A common complaint among walkers and runners is blisters. You could get blisters on your feet and toes if you’ve just started walking or running, swapped shoes, or started doing longer workouts.
A blister is a fluid-filled sac that forms as a result of friction (or by heat from a burn). Walkers and cyclists despise them, but most foot blisters can be avoided. You should reduce friction in your shoes, toughen and secure your skin, keep your feet comfortable and dry, and keep an eye out for hot spots that could turn into blisters if left untreated.
Does Wearing Two Pairs of Socks Prevent Blisters
Cold feet can be alleviated by wearing two pairs of socks. Is it possible to avoid blisters on your feet by wearing two pairs of socks? The response is yes, and here’s why:
There would be less pressure if you wear two pairs of socks.
There is more friction between the skin and the skin, as well as the shoes, if you only wear one pair of socks. Blisters grow as a result of this.
However, when you wear two pairs of socks, the friction is concentrated between the two pairs of socks. This means there would be less or no blisters. However, it is likely that it will be calculated by the degree of fit of your socks and shoes. Wearing two pairs of socks is useless if your socks are too tight or your shoes are too small; in fact, it can cause blisters.
The material has an effect on the result as well. Wearing two pairs of socks of the same texture and tightness is not a good idea. For example, the first sock can be made of a thin material like Nylon, while the second sock should be made of thick wool. Anti-blister socks should be chosen after reading anti-blister socks reviews.
Two pairs of socks could be the way to go if your feet are sensitive to some environmental conditions.
You know how blisters develop on your feet when you go upcountry, or how allergic reactions occur when you step into the barn in normal shoes and socks. Two pairs of socks will be ideal in this situation.
Why Some People Hate the Two Sock System
Wearing two socks has the disadvantage of making your feet colder. Heat is one of the factors that can cause blisters on your feet.
Another annoyance is that liner socks will tighten the fit of your boots. Blisters would be more likely if the shoe is too tight. Additionally, wearing liner socks when backpacking adds weight to your bag.
Sock Liners: How to Select Them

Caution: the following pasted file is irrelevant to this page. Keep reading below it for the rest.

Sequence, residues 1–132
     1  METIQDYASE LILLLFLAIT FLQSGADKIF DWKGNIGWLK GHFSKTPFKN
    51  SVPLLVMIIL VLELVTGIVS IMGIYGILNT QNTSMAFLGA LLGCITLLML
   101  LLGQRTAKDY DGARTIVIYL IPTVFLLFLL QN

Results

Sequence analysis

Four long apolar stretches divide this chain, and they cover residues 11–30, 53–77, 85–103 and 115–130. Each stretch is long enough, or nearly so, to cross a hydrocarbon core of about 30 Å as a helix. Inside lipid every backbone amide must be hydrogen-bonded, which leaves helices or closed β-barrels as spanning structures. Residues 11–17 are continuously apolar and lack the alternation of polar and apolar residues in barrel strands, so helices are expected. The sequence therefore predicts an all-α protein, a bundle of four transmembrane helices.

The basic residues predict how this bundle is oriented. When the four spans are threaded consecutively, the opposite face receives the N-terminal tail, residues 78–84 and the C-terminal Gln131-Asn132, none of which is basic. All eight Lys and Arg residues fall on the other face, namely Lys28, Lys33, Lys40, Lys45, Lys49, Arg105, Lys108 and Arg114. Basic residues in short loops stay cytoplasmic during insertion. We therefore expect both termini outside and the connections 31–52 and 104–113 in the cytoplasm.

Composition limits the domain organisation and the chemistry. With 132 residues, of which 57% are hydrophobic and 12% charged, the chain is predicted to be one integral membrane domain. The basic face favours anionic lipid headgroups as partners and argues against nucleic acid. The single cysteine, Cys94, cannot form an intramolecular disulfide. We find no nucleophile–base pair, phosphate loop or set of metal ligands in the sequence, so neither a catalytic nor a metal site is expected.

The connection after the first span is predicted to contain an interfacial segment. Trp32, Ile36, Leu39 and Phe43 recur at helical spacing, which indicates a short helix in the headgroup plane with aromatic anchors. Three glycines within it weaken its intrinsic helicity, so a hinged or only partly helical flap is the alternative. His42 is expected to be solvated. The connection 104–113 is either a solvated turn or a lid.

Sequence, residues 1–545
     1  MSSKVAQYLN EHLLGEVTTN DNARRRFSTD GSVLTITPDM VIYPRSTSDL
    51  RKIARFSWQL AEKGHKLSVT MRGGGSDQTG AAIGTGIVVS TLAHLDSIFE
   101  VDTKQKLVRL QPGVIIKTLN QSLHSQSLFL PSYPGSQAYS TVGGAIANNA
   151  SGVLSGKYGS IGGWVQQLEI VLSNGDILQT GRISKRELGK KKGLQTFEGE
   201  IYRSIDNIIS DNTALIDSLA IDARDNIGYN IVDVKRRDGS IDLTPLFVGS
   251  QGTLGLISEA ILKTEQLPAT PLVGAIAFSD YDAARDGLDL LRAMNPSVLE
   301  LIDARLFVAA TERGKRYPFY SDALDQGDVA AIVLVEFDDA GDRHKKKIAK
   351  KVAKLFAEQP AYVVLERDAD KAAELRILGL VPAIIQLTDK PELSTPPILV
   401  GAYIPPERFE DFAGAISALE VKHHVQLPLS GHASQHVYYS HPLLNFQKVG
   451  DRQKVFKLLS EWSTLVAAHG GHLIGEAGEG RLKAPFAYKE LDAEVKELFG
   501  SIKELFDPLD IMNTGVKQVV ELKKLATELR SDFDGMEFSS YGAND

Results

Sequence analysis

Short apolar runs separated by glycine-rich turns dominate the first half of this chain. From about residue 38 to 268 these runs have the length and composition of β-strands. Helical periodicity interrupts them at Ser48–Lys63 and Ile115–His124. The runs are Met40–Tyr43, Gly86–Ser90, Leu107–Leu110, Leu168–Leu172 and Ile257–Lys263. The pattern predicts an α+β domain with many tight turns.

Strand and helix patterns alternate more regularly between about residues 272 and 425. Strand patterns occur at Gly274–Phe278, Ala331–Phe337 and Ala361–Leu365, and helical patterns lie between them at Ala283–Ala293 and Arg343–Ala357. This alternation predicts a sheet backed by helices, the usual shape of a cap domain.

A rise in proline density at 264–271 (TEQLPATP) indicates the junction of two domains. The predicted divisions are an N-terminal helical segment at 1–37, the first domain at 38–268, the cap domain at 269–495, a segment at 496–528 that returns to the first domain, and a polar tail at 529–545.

Sock liners are manufactured by a number of large hiking firms. Wigwam, Fox River, SmartWool, Bridgedale, and Injinji are some of the most common brands (which have toes).
The Fit is the Most Important Thing
Is it the right fit? Your foot will slip around in the sock liners if they are too heavy, causing friction and blisters. Blisters can also be caused by wrinkles in the socks.
Make sure you pay attention to the liner socks’ sizing. S, M, and L are the most common sizes, not shoe sizes. Choose the smaller size if your shoe size is between S/M and M/L. It’s preferable to get them a little snug than wrinkly.
Sock Liner Material
There are three main sock liner materials to choose from:
Silk: Silk sock liners are my personal favorite. They’re comfortable, quick to slide on your feet, and minimize friction effectively. The drawback is that they aren’t always very long-lasting. Some brands are also not very breathable, making them unsuitable for hot weather. Hiking silk sock liners are almost always made of a synthetic mix.
Synthetic: These are long-lasting and effective at reducing friction. However, particularly the cheap synthetic sock liners, they aren’t always very breathable. Some brands have developed their own space-age synthetics with moisture-wicking properties.
Wool: Thin wool sock liners are ideal for hiking in warm weather. They are moisture-wicking and breathable. Wool sock liners, on the other hand, are more expensive and may be too bulky to wear comfortably in your boots.
Strong sock liners will have a tight weave regardless of the yarn. You won’t be able to quickly pull fibers from them.
Who’s wearing two pairs of socks?
According to my casual interactions with blister sufferers and athletic / adventure footwear stores, hikers prefer this approach to runners and other athletes. Since the idea of double-socking is well-known, it is often discussed on various forums. I’m not sure it’s commonly used, but it’s difficult to say for sure. Many people use double socks to avoid blisters and get the results they want. Others, on the other hand, probably don’t and move on to anything else.
Last but not least
If a double sock device greatly decreases friction, it does so all over the foot. This all-encompassing approach to friction management isn’t without its drawbacks. My personal opinion is that, in the case of intense or prolonged exercise, this effect would be quickly overridden by perspiration, resulting in increased friction at the interface. The person will determine if the friction level remains low enough to maintain blister-free low-friction conditions at that stage. Armaskin is the safest choice. However, if you manage to get blisters, you’ll need to come up with a new plan.